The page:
AV8B Harrier

The Harrier is always a crowd pleaser. Although it is no longer is active service with the British armed forces, it is still used by the Airforce and Navy of other countries. The two that were used for display at the Farnborough International Airshow are in service with the Spanish Navy.

The Harrier is a VSTOL aircraft – Vertical, Short, Take off, Landing, and this means that it can adjust its exhaust (vector) nozzles so that it can take off vertically or with an increased trajectory so that it doesn’t need to roll down a long runway. These are especially useful for landing in areas where there is no runway or a shorter runway is in use, such as on an aircraft carrier or in a jungle.

Adjusting the vectoring  nozzles whilst in flight gives the Harrier some unique aerial skills and maneuverability. These were an important contributing factor during the Falklands war.

Please click on any photo to see a full size image.

A photo of an AV8B Harrier at the Farnborough International Airshow
The undercarriage is being raised, time for some aerobatics, lets see what this bird can do.
A photo of an AV8B Harrier at the Farnborough International Airshow
The Harrier is powered by a single Rolls Royce Pegasus engine. It is so noisy when hovering. It’s pointless talking to friends or family at this point because you cannot hear anything other the power and whistle of this amazing engine.
A photo of an AV8B Harrier at the Farnborough International Airshow
The undercarriage is only lowered for take off and landing. Having it down all of the time would create drag and reduce maneuverability, which is of course true for all aircraft.
A photo of an AV8B Harrier at the Farnborough International Airshow
Here the vectoring nozzles are in the third position, vertical, and this gives the Harrier the ability to take off vertically and also to hover.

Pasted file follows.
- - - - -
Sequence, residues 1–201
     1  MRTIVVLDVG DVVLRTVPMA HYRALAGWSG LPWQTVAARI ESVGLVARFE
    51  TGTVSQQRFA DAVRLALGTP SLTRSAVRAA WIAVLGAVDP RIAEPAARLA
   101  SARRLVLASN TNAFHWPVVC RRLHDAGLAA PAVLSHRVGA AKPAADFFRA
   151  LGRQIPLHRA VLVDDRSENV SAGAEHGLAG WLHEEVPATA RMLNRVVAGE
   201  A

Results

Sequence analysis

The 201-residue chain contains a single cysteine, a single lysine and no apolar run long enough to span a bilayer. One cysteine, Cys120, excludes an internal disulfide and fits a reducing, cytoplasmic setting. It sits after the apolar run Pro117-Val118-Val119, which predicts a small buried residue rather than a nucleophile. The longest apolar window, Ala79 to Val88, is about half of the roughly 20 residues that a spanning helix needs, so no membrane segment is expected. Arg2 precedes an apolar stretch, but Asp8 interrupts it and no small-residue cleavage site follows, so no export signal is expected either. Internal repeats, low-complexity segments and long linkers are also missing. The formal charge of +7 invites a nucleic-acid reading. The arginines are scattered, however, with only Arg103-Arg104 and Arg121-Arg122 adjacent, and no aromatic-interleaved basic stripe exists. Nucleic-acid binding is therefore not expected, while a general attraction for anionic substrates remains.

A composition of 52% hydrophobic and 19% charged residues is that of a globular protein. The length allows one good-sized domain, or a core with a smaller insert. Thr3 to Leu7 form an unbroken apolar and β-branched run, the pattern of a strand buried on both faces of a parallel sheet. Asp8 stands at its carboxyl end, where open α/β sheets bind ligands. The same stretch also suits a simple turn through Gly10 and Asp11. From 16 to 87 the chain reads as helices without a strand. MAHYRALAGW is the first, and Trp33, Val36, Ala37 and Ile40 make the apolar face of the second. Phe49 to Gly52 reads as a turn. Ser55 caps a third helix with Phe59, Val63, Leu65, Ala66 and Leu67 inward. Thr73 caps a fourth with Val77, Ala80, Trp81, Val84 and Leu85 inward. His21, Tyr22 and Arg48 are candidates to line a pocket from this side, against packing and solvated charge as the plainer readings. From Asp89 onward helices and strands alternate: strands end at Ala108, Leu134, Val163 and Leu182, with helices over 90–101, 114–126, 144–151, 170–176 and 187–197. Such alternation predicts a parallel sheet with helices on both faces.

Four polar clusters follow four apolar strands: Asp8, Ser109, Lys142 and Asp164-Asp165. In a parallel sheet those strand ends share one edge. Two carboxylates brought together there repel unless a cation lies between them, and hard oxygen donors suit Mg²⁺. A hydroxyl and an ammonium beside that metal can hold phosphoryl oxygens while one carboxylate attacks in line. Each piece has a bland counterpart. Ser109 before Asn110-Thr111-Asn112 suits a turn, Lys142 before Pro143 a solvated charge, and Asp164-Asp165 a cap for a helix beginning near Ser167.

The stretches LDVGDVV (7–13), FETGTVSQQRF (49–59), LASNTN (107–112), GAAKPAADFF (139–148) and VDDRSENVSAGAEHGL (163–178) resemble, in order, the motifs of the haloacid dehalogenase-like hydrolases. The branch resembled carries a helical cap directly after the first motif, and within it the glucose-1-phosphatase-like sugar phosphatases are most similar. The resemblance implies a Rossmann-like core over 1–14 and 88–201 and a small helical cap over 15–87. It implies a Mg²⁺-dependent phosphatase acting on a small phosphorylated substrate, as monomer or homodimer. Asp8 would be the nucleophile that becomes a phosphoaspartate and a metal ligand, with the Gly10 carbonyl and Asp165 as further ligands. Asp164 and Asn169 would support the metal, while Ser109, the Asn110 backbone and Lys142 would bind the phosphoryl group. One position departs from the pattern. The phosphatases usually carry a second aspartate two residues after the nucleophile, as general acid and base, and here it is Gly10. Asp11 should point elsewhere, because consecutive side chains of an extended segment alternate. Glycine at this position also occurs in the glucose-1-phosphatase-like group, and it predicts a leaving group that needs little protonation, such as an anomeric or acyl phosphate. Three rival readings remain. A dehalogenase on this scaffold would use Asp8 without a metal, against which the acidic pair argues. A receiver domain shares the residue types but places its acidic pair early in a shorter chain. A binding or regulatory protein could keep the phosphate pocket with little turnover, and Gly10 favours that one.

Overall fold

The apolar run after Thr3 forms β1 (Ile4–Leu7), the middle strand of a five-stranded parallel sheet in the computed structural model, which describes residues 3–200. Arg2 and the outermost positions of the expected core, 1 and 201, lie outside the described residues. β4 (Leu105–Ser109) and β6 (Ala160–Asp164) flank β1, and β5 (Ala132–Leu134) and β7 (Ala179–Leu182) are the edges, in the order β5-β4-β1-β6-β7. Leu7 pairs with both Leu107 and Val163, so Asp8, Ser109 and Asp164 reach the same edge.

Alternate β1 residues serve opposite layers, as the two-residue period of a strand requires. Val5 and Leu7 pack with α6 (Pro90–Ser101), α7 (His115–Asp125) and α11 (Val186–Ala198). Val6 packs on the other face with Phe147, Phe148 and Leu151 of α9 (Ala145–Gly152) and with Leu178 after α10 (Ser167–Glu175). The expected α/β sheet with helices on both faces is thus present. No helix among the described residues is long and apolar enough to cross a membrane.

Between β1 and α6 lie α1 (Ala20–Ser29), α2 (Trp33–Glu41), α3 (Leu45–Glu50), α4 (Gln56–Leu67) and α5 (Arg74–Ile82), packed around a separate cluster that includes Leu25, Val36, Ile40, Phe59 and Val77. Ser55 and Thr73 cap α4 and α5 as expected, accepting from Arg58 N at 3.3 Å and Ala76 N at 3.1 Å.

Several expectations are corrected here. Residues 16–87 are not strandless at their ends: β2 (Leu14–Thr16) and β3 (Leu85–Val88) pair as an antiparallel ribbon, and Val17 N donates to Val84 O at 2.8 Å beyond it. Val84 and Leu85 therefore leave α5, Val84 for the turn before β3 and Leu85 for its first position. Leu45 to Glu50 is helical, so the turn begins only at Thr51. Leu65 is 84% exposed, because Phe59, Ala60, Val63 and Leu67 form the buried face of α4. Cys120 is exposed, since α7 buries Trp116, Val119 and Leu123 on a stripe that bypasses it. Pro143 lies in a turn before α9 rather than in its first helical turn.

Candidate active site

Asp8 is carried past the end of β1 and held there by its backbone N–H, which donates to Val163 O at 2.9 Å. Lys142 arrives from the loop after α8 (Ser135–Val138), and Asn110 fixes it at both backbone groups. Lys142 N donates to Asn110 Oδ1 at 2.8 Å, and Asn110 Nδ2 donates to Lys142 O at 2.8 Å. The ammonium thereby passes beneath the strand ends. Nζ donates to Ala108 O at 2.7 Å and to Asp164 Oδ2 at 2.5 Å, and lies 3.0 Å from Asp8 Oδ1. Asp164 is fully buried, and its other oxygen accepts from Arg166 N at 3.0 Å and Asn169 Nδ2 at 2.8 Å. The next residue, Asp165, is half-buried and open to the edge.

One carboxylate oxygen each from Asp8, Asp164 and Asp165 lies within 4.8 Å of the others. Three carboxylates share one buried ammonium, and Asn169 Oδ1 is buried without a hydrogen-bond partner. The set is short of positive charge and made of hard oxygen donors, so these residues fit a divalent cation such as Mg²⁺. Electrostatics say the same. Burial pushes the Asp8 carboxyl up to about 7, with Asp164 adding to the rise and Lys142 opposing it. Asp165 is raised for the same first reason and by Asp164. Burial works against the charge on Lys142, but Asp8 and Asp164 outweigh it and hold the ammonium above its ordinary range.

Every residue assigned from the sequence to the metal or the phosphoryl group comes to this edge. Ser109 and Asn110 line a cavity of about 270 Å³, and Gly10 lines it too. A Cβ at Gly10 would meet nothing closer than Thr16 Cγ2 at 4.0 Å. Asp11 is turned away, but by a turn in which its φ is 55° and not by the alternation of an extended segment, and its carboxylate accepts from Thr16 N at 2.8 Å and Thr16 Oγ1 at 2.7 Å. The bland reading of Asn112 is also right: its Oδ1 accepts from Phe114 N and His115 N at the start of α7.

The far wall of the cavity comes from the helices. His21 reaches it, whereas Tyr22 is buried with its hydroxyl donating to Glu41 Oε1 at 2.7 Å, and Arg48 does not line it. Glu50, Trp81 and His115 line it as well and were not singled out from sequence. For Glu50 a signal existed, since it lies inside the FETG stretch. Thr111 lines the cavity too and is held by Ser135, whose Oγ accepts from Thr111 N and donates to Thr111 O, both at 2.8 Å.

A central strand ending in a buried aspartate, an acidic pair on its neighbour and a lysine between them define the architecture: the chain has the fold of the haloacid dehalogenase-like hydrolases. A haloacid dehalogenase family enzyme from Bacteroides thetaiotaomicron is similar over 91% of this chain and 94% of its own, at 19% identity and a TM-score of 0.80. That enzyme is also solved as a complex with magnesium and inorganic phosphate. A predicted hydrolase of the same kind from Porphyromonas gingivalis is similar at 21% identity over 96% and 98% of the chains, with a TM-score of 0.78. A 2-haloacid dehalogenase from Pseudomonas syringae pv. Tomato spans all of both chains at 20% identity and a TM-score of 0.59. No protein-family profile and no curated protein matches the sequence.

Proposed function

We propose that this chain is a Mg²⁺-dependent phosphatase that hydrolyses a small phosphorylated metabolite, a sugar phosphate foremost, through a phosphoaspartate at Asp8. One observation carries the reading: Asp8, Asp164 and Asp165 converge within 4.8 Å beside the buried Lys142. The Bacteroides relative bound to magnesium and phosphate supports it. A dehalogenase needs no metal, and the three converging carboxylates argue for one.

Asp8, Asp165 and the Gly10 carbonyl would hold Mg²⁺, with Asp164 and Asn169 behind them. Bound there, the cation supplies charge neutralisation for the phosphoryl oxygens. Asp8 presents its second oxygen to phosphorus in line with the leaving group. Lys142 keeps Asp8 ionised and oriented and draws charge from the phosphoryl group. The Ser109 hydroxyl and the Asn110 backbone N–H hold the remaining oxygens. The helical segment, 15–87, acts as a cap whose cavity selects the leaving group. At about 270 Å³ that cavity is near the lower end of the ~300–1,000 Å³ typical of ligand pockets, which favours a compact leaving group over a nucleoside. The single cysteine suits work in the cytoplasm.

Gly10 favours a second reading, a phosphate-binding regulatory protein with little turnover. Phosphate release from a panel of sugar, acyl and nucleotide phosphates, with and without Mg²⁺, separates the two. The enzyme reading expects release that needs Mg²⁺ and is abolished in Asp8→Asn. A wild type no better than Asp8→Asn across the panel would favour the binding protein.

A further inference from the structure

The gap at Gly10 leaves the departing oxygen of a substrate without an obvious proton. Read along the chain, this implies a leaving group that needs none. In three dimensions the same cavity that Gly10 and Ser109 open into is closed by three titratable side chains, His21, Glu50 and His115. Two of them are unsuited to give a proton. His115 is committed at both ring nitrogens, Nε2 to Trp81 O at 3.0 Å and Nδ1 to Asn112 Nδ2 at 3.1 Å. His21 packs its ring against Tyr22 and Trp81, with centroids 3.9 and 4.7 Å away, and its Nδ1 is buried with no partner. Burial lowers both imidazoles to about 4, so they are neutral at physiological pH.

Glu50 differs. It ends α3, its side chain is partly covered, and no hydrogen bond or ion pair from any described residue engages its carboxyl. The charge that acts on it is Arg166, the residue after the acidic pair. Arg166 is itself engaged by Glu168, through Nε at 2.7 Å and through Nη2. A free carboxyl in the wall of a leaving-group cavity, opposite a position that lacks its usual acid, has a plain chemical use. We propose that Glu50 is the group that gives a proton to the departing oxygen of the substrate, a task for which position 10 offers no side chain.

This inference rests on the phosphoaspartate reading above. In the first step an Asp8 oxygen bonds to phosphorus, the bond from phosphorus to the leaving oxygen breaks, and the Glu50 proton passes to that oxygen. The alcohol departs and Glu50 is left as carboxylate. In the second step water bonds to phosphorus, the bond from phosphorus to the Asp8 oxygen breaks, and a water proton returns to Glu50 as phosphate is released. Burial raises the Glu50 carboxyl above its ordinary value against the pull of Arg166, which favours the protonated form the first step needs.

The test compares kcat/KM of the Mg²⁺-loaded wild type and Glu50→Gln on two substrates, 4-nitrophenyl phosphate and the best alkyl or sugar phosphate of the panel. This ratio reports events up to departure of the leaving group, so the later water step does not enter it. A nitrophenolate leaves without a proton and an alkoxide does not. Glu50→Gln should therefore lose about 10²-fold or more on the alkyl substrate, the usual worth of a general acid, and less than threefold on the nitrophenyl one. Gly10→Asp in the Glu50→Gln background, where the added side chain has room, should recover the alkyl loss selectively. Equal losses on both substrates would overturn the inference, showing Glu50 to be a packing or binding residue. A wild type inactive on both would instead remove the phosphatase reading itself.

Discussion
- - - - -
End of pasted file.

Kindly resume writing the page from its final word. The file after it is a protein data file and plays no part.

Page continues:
A photo of an AV8B Harrier at the Farnborough International Airshow
In this photo you can see the vectoring nozzles in the second position, diagonal, and this provides for smooth forward lift.
A photo of an AV8B Harrier at the Farnborough International Airshow
Many people go to an airshow because of the Harrier, the Red arrows and the Battle of Britain Memorial flight.
A photo of an AV8B Harrier at the Farnborough International Airshow
Thrust vectoring is possible because the Harrier has two adjustable exhaust nozzles on either side of the fuselage. You can see one of these to the rear of the circular Spanish colours, with the other a few feet further back.
A photo of an AV8B Harrier at the Farnborough International Airshow
The spindley daisy wheels provide support to the wings whilst the Harrier is on the ground.
A photo of an AV8B Harrier at the Farnborough International Airshow
The vector nozzles are facing down which means that the aircraft can hover. Whilst hovering it can point its nose up or down and also move along the horizontal as well as vertical plane.
The Harrier is always a crowd pleaser. Although it is no longer is active service with the British armed forces, it is still used by the Airforce and Navy of other countries. The two that were used for display at the Farnborough International airshow were in service with the Spanish Navy.
A photo of an AV8B Harrier at the Farnborough International Airshow
The pilot waves to the crowd at the end of his display.

 

6 Replies to “AV8B Harrier”

  1. I like this post Richard. The Harriers were based just down the road from me at RAF Cottesmore, my cousin’s son is in the RAF as a mechanic and was based at Cottesmore so I had the opportunity to go around the workshops and see them closeup. The also used to do a lot of flying around here. Lovely machines!

    Liked by 1 person

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